Someone Switched My Phone At A Party And My Life Has Become A Nightmare

Flickr / Startup Stock Photos
Flickr / Startup Stock Photos

Sometimes you just can’t explain things. Whether you can’t find the words or you’re in over your head, situations exist where you’re left floundering. That’s where I am. I am in over my head deeper than I could have imagined. It started with Mark’s end of semester party. I drank too much. I forget big pieces of the night. Now I am running. I am terrified. I don’t know where to go or who to turn to…

beetlejuice

Mark was a lifelong friend of mine. We grew up in the same neighborhood. When we both got accepted to the same University it was like the perfect alignment of the stars. We could continue our mayhem and mischief. By our junior year, Mark had become known for amazing parties just off campus. He was a spoiled kid, Mommy and Daddy paid for him to have a whole townhouse which he graciously shared with me. Luckily, his parents didn’t mind being that they had known me my entire life, their son living with a girl who was basically his sister was okay.

This party wasn’t different than any other. Alcohol flowed freely, music blasted, questionable decisions were made. The rooms were packed wall to wall with drunk co-eds. Instead of my usual sober self, I decided that I deserved to live it up a little. Everyone had just finished their finals and was packing to go home. It was a perfect excuse to have a crazy night. It was the morning that was not part of the norm. I woke up in my bedroom, my mouth felt like a week old gym sock and my head throbbed. I squinted against the bright, early afternoon light coming through the windows. It had to be around noon or one, I didn’t bother checking. Ugh. What the hell was I thinking? I managed to drag myself to my bathroom. I checked the mirror, I was really worse for wear. My brown eyes bloodshot, my long blonde hair a rats next with stiff parts that smelled faintly of Apple Pucker, I was pale with what I imagined to be a slight green tinge on the edges. My head felt like there was an evil fairy with a jackhammer going to town.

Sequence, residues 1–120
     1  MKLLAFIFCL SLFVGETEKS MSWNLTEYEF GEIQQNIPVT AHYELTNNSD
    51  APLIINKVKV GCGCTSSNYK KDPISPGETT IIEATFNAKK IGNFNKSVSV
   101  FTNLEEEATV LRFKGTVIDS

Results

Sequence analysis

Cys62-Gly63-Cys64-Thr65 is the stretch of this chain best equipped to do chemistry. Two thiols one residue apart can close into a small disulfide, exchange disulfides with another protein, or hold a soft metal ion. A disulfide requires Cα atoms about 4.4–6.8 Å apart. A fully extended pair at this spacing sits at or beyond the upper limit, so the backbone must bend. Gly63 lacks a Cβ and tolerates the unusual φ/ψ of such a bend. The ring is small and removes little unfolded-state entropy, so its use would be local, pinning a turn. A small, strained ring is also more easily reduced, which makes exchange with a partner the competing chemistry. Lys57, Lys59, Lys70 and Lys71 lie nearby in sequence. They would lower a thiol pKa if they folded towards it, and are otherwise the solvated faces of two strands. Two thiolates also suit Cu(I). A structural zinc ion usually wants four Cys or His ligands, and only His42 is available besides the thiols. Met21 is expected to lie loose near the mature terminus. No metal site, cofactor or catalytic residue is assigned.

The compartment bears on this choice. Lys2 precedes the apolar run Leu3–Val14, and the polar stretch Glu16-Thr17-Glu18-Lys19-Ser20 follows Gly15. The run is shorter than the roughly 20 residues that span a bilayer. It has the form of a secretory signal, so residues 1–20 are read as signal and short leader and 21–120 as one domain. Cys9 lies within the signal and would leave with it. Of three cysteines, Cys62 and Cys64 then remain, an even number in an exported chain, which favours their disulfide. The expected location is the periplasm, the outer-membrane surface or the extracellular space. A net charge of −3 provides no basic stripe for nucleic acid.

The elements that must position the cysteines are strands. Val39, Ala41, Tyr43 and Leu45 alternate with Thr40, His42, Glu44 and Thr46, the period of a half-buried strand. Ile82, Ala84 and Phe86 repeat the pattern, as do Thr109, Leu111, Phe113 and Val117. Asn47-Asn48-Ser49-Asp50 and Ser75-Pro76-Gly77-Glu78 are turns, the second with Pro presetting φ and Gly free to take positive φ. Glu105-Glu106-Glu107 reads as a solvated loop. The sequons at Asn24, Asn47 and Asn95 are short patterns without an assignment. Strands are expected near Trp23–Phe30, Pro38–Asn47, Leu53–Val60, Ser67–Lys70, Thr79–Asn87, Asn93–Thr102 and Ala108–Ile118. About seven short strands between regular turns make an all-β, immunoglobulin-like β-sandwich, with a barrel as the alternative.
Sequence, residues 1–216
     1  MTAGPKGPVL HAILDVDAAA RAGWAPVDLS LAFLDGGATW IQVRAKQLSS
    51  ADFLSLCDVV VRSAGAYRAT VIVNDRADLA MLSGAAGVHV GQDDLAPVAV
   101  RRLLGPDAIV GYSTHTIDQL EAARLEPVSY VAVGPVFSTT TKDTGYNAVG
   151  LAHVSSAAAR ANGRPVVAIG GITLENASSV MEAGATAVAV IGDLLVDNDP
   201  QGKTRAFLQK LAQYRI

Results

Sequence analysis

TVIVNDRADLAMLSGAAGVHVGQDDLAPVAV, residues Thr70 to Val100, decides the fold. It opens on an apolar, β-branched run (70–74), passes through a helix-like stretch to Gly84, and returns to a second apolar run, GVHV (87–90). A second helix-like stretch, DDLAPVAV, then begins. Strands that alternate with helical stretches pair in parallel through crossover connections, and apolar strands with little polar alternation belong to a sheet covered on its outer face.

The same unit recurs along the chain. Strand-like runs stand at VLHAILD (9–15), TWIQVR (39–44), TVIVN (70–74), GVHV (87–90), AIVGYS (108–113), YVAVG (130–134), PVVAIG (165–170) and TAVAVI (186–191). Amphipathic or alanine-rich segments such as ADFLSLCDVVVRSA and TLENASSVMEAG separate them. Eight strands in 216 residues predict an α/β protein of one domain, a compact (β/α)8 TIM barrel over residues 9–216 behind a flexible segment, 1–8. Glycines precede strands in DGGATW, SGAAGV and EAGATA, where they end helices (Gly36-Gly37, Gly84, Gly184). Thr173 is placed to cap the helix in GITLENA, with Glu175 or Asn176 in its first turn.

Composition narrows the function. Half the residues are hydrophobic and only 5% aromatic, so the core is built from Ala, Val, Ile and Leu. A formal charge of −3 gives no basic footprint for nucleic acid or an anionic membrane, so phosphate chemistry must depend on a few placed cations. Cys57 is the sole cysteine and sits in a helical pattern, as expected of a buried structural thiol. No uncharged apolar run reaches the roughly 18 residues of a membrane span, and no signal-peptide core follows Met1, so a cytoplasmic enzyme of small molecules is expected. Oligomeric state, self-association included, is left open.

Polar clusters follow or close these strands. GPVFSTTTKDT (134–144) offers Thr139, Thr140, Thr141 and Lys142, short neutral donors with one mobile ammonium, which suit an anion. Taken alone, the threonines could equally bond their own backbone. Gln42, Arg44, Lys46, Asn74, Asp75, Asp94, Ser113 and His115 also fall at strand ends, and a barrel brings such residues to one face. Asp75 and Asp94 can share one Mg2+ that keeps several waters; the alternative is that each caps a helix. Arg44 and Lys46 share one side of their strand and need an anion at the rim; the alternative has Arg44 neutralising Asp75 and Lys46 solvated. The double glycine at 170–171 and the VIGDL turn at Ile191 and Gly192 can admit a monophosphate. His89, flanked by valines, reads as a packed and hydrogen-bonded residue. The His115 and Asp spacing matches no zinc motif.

I managed to get into the shower and brush my teeth. I at least felt slightly more human. I wrapped up in my comfy robe and shuffled to the kitchen, picking my way gingerly around discarded solo cups and general debris. Coffee. My only coherent thought. To my surprise someone succeeded in setting up the coffee pot the night before, I just needed to hit brew. I fared pretty well making some toast without burning the place down, even though the thought of food made my stomach automatically revolt against me. I groaned as Mark entered the kitchen, his cheery disposition didn’t help. How in the world did he never get a hangover? I admit I was slightly jealous.

“Good morning, sunshine. How are we feeling this morning?” he smiled as he poured his orange juice.

“Ugh. I am never doing that again. It’s not worth it,” I said, laying my head on the kitchen table.

“You say that every time, Lucy. And every time you get completely obliterated,” he chuckled, taking the seat across from me. “Last night was something else though. I swear you were putting away shots like your life depended on it. Frankly, I’m surprised you didn’t wake up next to Tony this morning.”